My intention of a continuous journey down the Swahili coast – from Lamu Island in Kenya to northern Mozambique, via Tanzania – ground to an abrupt halt at the Mozambique embassy in Dar es Salaam.

Mozambique travels

Due to politics, Mozambique required travellers coming from Tanzania to have a visa beforehand. Every other land crossing was just a visa on arrival. So after wasting time in the Tanzanian capital over a closed weekend and an Islamic holiday, I went to the embassy to face a bureaucratic brick of a woman.


Taking a small boat from Likoma Island – across Lake Malawi, to the Mozambique side and the village of Cobue.

After viewing the visa rules – $100 for visa and a 5 day wait, usual passport pics and forms, invitation letter as to why I wanted to go to Mozambique, bank statements declaring that I had $US 5000 in my bank and other petty shit; I just walked out muttering obscenities. I knew that a week-plus of more waiting around in Dar es Salaam, would be too much frustration.


Lake Malawi, near Cobue in Mozambique, where it’s called Lake Niassa.

I knew there were better options. Studying the map, I found an alternative.


Sunset over the boat “port” of Cobue. I got a visa on arrival for just $30, with no extra paperwork and done within 15 minutes.

But not without an extra 1500+ km added to my already long Cairo to Cape Town overland trip. New plan: cut south-west from the coast across the highlands of southern Tanzania and down into northern Malawi, then across the lake to remote north-western Mozambique.


6AM departure: Traveling northern Mozambique. On the road in the back of a truck – the only public transport – that would later be packed with timber, a bicycle, and loads of people. It was an uncomfortable 6 hours sweltering along dusty roads from Cobue to Metangula. I shared sack of pebbles as a cushion with a young woman. Every time the bumps and sloping roads sent passengers and stuff moving  – sometimes into each other in crushes of agony.

I would arrive at the tiny settlement of Cobue on the eastern shores of Lake Malawi and hope for a visa on arrival. And from there, travel  east to Mozambique Island and the Indian Ocean.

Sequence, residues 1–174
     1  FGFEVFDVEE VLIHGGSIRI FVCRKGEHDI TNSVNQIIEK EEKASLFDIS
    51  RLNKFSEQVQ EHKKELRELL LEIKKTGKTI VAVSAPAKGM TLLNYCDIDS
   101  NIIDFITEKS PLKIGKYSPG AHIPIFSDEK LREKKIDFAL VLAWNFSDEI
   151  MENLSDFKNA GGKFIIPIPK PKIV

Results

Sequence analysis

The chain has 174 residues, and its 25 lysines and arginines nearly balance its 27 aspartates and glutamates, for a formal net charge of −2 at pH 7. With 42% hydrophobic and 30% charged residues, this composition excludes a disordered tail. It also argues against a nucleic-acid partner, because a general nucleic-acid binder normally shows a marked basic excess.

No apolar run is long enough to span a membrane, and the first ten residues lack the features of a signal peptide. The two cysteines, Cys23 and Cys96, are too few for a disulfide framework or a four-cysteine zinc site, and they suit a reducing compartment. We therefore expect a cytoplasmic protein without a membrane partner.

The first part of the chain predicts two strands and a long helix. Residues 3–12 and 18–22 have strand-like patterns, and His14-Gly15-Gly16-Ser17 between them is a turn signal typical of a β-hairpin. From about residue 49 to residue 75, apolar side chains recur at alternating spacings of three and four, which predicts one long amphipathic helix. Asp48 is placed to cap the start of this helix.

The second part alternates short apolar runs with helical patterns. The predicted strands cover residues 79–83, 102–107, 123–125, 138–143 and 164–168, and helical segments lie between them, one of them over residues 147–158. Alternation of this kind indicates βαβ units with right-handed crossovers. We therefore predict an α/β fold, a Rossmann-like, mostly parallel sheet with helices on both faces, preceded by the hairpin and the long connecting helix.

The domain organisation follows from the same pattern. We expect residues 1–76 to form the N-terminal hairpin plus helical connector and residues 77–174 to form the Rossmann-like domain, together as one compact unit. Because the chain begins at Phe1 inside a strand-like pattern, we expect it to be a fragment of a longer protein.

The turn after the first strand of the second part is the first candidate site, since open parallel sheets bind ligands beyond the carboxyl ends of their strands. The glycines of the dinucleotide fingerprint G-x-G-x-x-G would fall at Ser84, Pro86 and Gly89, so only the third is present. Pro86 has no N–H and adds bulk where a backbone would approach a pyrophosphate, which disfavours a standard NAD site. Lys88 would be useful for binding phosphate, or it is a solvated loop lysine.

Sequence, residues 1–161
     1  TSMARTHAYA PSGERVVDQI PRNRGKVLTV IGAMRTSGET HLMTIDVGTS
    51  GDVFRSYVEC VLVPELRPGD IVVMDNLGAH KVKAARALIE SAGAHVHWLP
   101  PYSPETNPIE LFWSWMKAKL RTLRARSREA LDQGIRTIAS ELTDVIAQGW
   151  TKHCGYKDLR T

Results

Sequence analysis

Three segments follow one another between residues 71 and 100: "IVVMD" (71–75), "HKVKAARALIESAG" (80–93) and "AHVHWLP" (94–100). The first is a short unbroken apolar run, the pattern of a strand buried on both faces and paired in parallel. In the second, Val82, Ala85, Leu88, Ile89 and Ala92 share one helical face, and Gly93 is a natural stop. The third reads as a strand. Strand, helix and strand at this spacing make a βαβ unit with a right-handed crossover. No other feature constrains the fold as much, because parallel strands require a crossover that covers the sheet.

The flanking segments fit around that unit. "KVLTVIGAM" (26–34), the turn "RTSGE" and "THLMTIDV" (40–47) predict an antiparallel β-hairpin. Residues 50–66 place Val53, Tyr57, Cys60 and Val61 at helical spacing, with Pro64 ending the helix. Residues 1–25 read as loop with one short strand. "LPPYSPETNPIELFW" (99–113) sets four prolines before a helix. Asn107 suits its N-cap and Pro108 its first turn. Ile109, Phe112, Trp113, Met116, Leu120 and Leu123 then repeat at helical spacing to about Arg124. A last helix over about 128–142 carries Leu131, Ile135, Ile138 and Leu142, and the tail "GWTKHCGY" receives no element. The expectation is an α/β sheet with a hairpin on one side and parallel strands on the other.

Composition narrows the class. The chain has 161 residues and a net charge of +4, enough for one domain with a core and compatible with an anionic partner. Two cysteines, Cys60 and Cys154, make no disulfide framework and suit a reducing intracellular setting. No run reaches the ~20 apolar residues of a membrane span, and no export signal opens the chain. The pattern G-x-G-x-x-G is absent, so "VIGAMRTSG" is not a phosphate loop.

LEFT + TOP RIGHT: Crammed van stopped for drinks in shade of tree. I waited 2 hours for this van to leave Metangula; many other passengers had waited 5 hours for it to full and depart and later got really shitty when the driver stopped regularly to pack even more people inside – like cattle to market. It was totally stuffed – as  African bush-taxis always  seem to be. I was cramped – elbow out window for some blissful space – with 4 others into the backseat,  numb bum, legs towards my chest, hot and unable to move an inch. Extra passengers rode standing on the rear bumper. BELOW RIGHT: the only meal available in Cobue. Fish, spinach-stuff and pulped maize – that resembles mashed potato. Bland but okay. And the cheapest meal I found across the country @ $US 4. Beer was better value.


Hanging out in Cuamba for 2 days, awaiting the train’s departure to Nampula.


The train from Cuamba to Nampula. It took all day, and arrived 5 hours late …

train vendors mozambique

At stops, vendors swarmed the train.


Kids at village stop. RIGHT: Inselburgs – granite humps – dominated the landscape and along with bright summer leaves, it reminded me totally of Korea in Autumn. BELOW: Inside the “executive class” carriage. (I had decided to treat myself with movable feast – it was only $5 more.  BUT despite it being a new addition to the train service, after only 2 months in service this A/C carriage was now broken, so it was sweltering. But at least not over-crowded like the other carriages – where luggage safety posed issues. A South African para-medic, working for the railway company and doing this journey regularly as his job, told me that some months ago, he’d had his entire backpack – including laptop – stolen when traveling 2nd class).

traveling northern mozambique by train

It was an amazing, dreamy train trip traveling northern Mozambique. Hunger and sweltering heat was offset by my red wine picnic – and additional cold beer bought from vendors … I arrived that evening in Nampula, trashed and elated.

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